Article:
TRENTON, N.J. (CBSNewYork) — Health officials in New Jersey are warning residents that two people with measles may have exposed others in the state, including possibly at Newark Liberty International Airport earlier this month.

On April 30, officials said someone with measles briefly stopped in New Jersey while on a tour bus traveling from Niagara Falls in New York to Washington D.C.

In an unrelated incident, a Bergen County resident developed measles after coming into contact with an international traveler who was sick with measles, officials said.

Health officials say anyone who visited the below locations may have been exposed to measles:

  • Towne Centre at Englewood apartments at 20 W Palisade Avenue in Englewood any time from April 24 to May 2.
  • Renaissance Office Center at 15 Engle Street in Englewood between 1 p.m. and 3:45 p.m. on April 30.
  • Newark Airport, Terminal C between 11 a.m. and 3:30 p.m. on May 2.
  • Columbia Travel Center on I-80 at Rt. 94, 2 Simpson Road in Columbia between 9:45 a.m. and 12:20 p.m. on April 30.

The health department says anyone who visited the above locations during those time should contact their health care provider.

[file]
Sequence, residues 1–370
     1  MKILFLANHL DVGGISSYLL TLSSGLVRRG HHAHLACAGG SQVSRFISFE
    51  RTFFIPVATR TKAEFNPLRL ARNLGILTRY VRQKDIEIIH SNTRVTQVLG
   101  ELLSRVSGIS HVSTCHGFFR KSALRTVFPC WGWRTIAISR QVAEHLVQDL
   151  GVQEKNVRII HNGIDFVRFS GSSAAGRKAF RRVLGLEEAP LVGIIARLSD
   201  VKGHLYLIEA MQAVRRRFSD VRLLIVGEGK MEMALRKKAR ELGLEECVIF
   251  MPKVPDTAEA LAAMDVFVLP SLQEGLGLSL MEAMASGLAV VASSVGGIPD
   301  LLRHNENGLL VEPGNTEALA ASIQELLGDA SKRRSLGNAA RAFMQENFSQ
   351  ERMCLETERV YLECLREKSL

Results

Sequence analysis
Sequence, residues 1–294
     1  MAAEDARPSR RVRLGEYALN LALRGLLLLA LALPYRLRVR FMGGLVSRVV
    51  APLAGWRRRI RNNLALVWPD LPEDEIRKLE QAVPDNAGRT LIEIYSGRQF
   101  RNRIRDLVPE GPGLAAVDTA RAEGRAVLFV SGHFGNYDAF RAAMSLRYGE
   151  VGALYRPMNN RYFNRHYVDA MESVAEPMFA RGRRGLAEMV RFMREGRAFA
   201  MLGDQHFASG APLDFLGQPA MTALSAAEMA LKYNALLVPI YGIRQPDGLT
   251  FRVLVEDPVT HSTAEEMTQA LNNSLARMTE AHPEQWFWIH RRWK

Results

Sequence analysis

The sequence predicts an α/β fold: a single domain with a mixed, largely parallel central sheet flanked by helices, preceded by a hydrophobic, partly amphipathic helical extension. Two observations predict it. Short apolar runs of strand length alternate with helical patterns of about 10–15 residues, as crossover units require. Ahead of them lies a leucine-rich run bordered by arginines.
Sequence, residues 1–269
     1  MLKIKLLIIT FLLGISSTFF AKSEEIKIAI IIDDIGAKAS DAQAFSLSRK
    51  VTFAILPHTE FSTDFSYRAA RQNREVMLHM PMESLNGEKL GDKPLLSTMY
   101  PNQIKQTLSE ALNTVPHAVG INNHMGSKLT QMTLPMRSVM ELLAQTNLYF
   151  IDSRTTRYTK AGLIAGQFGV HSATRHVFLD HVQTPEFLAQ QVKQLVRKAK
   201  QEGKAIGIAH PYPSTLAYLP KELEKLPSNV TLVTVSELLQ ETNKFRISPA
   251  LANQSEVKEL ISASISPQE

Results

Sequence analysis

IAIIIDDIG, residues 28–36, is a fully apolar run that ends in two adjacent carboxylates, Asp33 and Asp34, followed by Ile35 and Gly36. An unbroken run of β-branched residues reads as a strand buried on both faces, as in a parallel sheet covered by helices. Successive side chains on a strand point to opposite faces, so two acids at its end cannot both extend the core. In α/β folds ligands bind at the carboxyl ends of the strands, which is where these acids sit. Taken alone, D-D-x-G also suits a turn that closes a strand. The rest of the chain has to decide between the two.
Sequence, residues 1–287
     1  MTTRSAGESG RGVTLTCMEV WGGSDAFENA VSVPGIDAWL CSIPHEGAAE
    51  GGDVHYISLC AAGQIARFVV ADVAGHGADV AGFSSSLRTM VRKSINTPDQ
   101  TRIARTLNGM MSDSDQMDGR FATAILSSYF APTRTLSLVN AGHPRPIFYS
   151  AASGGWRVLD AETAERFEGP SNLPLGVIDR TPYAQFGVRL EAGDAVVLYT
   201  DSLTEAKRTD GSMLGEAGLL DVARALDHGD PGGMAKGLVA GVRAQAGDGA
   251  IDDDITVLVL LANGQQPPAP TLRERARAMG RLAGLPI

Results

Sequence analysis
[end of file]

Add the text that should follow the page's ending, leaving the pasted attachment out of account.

If you were exposed, the health department says you are at risk if you haven’t been vaccinated or have not had the measles.

WEB EXTRAMeasles Exposure Guidance From The NJ Department Of Health

People who were exposed could develop symptoms as late as May 23. Symptoms include rash, high fever, cough, runny nose and red, watery eyes.

Measles can also cause serious complications such as pneumonia and encephalitis (swelling of the brain) and in pregnant women, can cause miscarriage, premature birth or a low-birth-weight baby.

The disease is spread through the air when someone coughs or sneezes or if someone comes in contact with the mucus or saliva from an infected person.

“Two doses of measles vaccine are about 97 percent effective in preventing measles,” state epidemiologist Dr. Christina Tan said in a statement. “Getting vaccinated not only protects you, it protects others around you who are too young to get the vaccine or can’t receive it for medical reasons.”

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